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18th Edition ( 3 ) - Organization & Authority
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Chapter 3:      Organization and Authority
page 26 to 31
Church organization is based on God's principles. “Never allow anyone's ideas to unsettle your faith in regard to the order and harmony which should exist in the church . . .The God of heaven is a God of order, and He requires all His followers to have rules and regulations, and to preserve order.” — 5T 274.
Biblical Basis for Organization
When God called the children of Israel out of Egypt and chose them as His peculiar people, He provided for them an impressive system of organization to govern their conduct in both civil and religious matters.
“The government of Israel was characterized by the most thorough organization, wonderful alike for its completeness and its simplicity. The order so strikingly displayed in the perfection and arrangement of all God‟s created works was manifest in the Hebrew economy.  God was the center of authority and government, the sovereign of Israel. Moses stood as their visible leader, by God‟s appointment, to administer the laws in His name. From the elders of the tribes a council of seventy was afterward chosen to assist Moses in the general affairs of the nation. Next came the priests, who consulted the Lord in the sanctuary. Chiefs, or princes, ruled over the tribes. Under these were 'captains over thousands, and captains over hundreds, and captains over fifties, and captains over tens,' and, lastly, officers who might be employed for special duties.” — PP 374.
The New Testament church showed the same perfection in its organization. Christ Himself, who formed the church (Matt. 16:18), “set the members, each one of them, in the body just as He pleased” (1 Cor. 12:18). He endowed them with gifts and talents adequate for the functions devolving upon them and organized them into a living, working body, of which He is the head.
“For as we have many members in one body, but all the members do not the same function, so we, being many, are one body in Christ, and individually members of one another” (Romans 12:4, 5). “And He [Christ] is the head of the body, the church, who is the beginning, the firstborn from the dead, that in all things He may have the preeminence” (Col. 1:18).  ( page 27 )
“There are diversities of gifts, but the same Spirit. There are differences of ministries, but the same Lord.” “For as the body is one and has many members, and but all the members of that one body, being many, are one body, so also is Christ.” “Now you are the body of Christ, and members individually. And God has appointed these in the church: first apostles, second prophets, third teachers, after that miracles, then gifts of healings, helps, administrations, varieties of tongues” (1 Cor. 12:4, 5, 12, 27, 28).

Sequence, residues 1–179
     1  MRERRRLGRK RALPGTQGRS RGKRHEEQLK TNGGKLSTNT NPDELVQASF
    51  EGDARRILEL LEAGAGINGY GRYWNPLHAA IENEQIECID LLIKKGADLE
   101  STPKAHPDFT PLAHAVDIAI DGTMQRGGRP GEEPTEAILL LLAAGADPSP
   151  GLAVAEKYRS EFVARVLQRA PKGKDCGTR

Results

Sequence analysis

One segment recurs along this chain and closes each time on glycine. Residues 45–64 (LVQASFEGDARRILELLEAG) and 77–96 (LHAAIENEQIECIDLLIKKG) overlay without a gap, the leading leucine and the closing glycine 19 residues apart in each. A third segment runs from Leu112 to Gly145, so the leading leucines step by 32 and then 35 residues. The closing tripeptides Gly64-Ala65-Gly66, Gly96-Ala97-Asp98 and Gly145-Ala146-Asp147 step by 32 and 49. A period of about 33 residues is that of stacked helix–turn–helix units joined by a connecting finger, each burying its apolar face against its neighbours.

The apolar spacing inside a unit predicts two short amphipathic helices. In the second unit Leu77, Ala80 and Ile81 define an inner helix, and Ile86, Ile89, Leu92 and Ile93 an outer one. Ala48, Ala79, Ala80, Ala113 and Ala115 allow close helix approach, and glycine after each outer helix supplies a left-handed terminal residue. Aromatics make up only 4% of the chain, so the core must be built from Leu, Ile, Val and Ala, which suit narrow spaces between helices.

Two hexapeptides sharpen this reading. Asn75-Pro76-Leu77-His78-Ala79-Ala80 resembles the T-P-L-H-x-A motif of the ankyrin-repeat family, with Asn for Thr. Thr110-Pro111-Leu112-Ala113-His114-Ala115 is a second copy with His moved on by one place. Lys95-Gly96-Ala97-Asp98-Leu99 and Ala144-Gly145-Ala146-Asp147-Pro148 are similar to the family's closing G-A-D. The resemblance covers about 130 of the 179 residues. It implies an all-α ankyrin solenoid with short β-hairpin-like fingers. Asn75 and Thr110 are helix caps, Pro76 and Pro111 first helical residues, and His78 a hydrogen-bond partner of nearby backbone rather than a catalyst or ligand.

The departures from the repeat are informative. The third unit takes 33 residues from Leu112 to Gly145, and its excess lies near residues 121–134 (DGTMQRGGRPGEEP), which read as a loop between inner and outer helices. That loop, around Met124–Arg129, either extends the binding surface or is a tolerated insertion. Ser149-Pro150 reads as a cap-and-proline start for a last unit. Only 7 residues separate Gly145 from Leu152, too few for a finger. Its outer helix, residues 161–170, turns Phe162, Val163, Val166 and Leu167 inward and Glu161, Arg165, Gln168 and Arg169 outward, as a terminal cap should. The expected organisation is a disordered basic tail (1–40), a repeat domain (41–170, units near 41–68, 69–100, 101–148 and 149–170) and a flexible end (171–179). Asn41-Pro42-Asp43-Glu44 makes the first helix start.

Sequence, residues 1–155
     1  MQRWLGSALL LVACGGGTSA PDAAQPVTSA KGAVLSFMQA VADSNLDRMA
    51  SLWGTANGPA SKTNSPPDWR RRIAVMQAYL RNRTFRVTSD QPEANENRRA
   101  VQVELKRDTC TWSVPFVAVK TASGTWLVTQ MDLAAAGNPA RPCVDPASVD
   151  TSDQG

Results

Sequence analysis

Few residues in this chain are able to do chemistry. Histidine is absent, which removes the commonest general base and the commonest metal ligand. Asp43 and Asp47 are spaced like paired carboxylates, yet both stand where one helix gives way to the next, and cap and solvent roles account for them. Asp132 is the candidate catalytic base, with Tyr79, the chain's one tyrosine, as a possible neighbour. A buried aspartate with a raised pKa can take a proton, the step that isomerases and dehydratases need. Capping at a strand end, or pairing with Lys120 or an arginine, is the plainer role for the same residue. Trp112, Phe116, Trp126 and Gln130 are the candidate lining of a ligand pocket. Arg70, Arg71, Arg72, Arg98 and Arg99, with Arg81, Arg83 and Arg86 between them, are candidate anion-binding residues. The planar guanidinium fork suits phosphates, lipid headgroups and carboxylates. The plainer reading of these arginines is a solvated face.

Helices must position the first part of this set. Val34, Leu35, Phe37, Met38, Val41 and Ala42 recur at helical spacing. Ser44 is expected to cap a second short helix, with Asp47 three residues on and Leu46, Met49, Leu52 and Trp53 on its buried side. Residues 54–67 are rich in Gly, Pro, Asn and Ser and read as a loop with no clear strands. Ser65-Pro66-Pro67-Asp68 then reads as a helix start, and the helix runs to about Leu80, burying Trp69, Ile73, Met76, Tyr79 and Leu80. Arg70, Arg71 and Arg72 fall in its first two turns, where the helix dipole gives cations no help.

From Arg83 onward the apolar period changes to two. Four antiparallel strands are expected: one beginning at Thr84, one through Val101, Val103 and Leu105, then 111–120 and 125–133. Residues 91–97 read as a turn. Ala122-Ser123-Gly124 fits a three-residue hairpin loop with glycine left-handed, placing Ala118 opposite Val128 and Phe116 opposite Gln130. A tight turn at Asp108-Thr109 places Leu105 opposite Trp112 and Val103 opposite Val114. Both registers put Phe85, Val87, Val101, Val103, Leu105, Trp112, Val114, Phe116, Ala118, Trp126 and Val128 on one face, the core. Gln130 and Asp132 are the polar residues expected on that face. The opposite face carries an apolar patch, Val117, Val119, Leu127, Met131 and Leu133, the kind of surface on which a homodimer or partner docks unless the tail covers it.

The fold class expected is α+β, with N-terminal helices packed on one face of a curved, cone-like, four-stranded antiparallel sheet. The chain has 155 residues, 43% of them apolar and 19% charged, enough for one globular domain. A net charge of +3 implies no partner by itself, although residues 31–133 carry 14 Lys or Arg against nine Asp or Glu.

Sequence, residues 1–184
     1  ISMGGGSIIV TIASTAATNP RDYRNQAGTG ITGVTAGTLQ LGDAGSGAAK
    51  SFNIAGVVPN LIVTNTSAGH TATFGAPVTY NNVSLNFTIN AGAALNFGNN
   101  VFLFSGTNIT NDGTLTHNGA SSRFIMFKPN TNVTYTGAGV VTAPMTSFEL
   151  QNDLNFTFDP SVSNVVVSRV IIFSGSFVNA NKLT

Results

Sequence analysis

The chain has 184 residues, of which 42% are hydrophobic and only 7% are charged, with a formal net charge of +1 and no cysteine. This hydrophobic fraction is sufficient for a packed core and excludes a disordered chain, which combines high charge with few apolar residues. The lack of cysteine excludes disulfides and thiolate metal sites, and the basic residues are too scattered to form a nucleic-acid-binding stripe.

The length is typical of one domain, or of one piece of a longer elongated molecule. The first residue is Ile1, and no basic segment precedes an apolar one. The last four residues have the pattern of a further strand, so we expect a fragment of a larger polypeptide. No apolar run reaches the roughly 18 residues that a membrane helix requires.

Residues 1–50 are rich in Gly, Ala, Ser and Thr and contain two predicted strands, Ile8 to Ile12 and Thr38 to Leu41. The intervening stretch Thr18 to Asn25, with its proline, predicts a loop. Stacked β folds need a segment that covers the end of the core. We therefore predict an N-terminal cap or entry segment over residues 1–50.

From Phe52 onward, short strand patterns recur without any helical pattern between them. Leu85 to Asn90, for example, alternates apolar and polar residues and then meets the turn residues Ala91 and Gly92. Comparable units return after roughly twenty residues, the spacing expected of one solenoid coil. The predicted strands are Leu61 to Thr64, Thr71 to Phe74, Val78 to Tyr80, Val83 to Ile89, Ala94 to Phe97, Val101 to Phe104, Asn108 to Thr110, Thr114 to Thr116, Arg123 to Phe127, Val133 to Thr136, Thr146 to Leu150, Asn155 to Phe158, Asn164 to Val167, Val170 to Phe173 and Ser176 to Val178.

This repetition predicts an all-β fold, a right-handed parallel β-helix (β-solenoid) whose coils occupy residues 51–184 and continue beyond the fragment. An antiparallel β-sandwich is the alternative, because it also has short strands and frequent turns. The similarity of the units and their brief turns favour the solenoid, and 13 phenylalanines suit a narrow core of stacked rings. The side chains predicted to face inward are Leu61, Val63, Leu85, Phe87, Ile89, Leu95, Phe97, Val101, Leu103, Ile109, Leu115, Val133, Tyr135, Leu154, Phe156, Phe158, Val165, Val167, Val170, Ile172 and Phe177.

Importance of Organization
Just as there can be no living, active human body unless its members are organically united and functioning together, so there can be no living, growing, prospering church unless its members are organized into a united spiritual body, all performing their God-given duties and functions under the direction of a divinely constituted authority. Without organization no institution or movement can prosper. A nation without organized government would be chaos.  A business enterprise without organization would fail. A church without organization would disintegrate and perish.
For the sake of the Church‟s healthy development and for the accomplishment of her task of carrying the gospel of salvation to all the world, Christ gave it a simple but effective system of organization. Success in her endeavors to achieve her mission depends on loyal adherence to this divine pattern.
“Some have advanced the thought that as we near the close of time, every child of God will act independently of any religious organization. But I have been instructed by the Lord that in this work there is no such thing as every man's being independent.”—TM 489.
“Oh, how Satan would rejoice if he could succeed in his efforts to get in among this people and disorganize the work at a time when thorough organization is essential and will be the greatest power to keep out spurious uprisings and to refute claims not endorsed by the word of God! We want to hold the lines evenly, that there shall be no breaking down of the system of organization and order that has been built up by wise, careful labor. License must not be given to disorderly elements that desire to control the work at this time.” — TM 489.
Purposes of Organization
“As our numbers increased, it was evident that without some form of organization there would be great confusion, and the work would not be ( page 28 ) carried forward successfully. To provide for the support of the ministry, for carrying the work in new fields, for protecting both the churches and the ministry from unworthy members, for holding church property, for the publication of the truth through the press, and for many other objects, organization was indispensable.” — TM 26.